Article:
by Maria Porges
Sometimes, to paraphrase Aristotle, the whole of a show is greater than the sum of its art. From the moment one steps into the Contemporary Jewish Museum’s first floor gallery and involuntarily gasps at the sheer quantity of pieces, Cary Leibowitz: Museum Show offers an extraordinary opportunity for full frontal immersion into the artist’s screamingly colorful world of
humorous self-loathing as expressed primarily in pithy one-liners. The installation of nearly 350 original artworks and multiples is deliberately campy —“cheeky” is the adjective used in the museum’s brochure — from the pink and white stripes that, circus-like, adorn the pedestals of coffin-sized cases crammed full of ceramics, to the Pepto-Bismol pink and quinceañera-dress blue that covers the walls. It is hard, however, to pick out a single work, or even an installation of several, that stands out. Even the centrally located pyramid of metal wastebaskets, each emblazoned with words (“GAIN.” “WAIT.” “NOW.”) in a circus-y typeface and an image of the artist at his bar mitzvah, seem more like scenery than actors.
Leibowitz’s work is largely text-based, or, more accurately, text-driven; most of the paintings on pieces of wood that, salon-style, populate the painted walls, consist of a few words, brushed in bright colors on equally vivid fields. Many of these bon mots, exuding a gay and often Jewish
sensibility, are nevertheless laugh-out-loud funny to a wide audience. An eccentrically shaped piece painted pink with “Ellsworth Kelly’s butthole” scrawled on it seems hilarious, if something of an art world insider joke; but various pie charts detailing emotional states (“mostly sad,” “a little guilty” and “happy” or “sad, sad, and more sad”) or other bits of text (“my ass is too fat to let my career fall through the cracks”) are more universally appealing.
Candyass, the nom de art Leibowitz adopted early in his career, is a slang term meaning cowardly or wimpy. This faux identity as a self-loathing, self-doubting, miserable whiner is expressed many works, including a tondo consisting of custom-made team pennants (“DROP DEAD,” “LIFE SUCKS,” “MISERY RULES,” “GO SADNESS”) and other pieces in which he lists his defects: “I am a bad person, I don’t deserve anything I have, I am superficial, my friends
should kill me,” etc. As much as these exclamations of angst make one wince, they are certainly relatable, in that pretty much everyone (with the possible exception of our current president) has such moments of self-hatred.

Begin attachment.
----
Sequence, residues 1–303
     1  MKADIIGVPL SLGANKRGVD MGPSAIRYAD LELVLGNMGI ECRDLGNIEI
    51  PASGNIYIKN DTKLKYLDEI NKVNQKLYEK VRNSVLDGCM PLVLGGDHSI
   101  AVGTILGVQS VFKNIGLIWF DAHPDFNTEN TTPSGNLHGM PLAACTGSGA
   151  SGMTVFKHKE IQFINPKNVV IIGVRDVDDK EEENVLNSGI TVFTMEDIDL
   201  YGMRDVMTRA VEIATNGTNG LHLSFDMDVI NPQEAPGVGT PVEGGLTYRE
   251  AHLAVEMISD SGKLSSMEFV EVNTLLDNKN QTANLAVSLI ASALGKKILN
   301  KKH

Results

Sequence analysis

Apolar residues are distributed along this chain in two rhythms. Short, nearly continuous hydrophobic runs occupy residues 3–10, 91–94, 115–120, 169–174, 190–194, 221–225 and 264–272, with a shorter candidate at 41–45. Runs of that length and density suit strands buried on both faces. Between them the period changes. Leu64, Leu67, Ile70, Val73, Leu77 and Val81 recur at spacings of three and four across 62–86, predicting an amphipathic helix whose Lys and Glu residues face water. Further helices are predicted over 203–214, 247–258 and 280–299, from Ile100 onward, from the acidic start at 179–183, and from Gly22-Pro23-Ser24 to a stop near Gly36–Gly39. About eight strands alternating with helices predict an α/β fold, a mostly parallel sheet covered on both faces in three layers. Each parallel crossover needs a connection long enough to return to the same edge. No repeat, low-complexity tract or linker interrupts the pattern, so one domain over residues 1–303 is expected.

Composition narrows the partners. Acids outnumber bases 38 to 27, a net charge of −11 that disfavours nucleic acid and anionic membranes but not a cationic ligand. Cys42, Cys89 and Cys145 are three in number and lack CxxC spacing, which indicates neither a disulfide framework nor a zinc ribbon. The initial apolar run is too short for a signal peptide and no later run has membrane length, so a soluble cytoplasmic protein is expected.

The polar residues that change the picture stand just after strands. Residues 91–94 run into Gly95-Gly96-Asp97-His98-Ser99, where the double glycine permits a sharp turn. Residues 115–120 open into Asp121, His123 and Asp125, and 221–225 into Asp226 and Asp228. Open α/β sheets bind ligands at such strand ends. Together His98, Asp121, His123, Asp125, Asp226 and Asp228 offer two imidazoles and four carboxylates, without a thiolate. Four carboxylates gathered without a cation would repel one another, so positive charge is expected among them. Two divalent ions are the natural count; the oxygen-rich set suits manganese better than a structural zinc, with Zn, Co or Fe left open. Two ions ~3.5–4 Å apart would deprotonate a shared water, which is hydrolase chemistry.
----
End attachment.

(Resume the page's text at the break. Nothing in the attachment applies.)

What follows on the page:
Other pieces suggest what the show’s curator, Anastasia James, describes as “a palpable disdain for what is popular and a deep-rooted reverence for the ugly…intentionally out of step with the traditional narrative.” These include (mostly) unpainted candlesticks, vases, cream pitchers, plates, pin dishes and napkin rings that the artist completed at “you-decorate-it, we-fire-it” ceramic studios, writing a few words on each with a ceramic
oxide pencil. Here again, art world in-jokes abound: declarations of love for Marsden Hartley and Karen Kilimnik; a dish cover divided by a cross with the names Robert Venturi, Andy Warhol, Kay Rosen and Peter Saul written in the four quadrants.
The underlying question is: What “traditional narrative” might this work be out of step with?
Since modern art is generally described as a break from classical ideals and contemporary art frequently gravitates towards ugliness, the answer is unclear. That said, the overall effect of so much pink, blue, yellow and green, punctuated by of cases crammed full of white ceramics, is too endearing to be described as ugly.
Outsider-ish art of this sort has been very much in vogue. However, in this instance, Leibowitz’s self-deprecating humor, which stands in sharp contrast to the dead seriousness of so much text-based art, sets his work apart. That and his radically democratic willingness to sell work at any and every price point. Throughout the exhibition, unique works stand cheek-by-jowl with editioned objects and unlimited multiples, some of which can be found on line or in the CJM’s gift store.
The first and last thing viewers see in the show is an autographed photo of Liberace hanging above a little painting that declares: “Attention! All art critics must wash hands before leaving!” Though difficult to parse exactly, the apparent message
being is that Leibowitz, contented with his life and the way things have turned out, is immune to criticism. After all, he’s having a show in this museum; it’s entertaining and fun and people are enjoying themselves. These are inarguable facts. I nod to the sign and walk out of the gallery.
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Cary Leibowitz: Museum Show @ Contemporary Jewish Museum through Jun 25, 2017.
Installation images: JKA Photography.
About the Author:
Maria Porges is an artist and writer who lives and works in Oakland. For over two decades, her critical writing has appeared in many publications, including Artforum, Art in America, Sculpture, American Craft, Glass, the New York Times Book Review and many other publications. The author of nearly 100 exhibition catalog essays, she presently serves as an associate professor at California College of the Arts.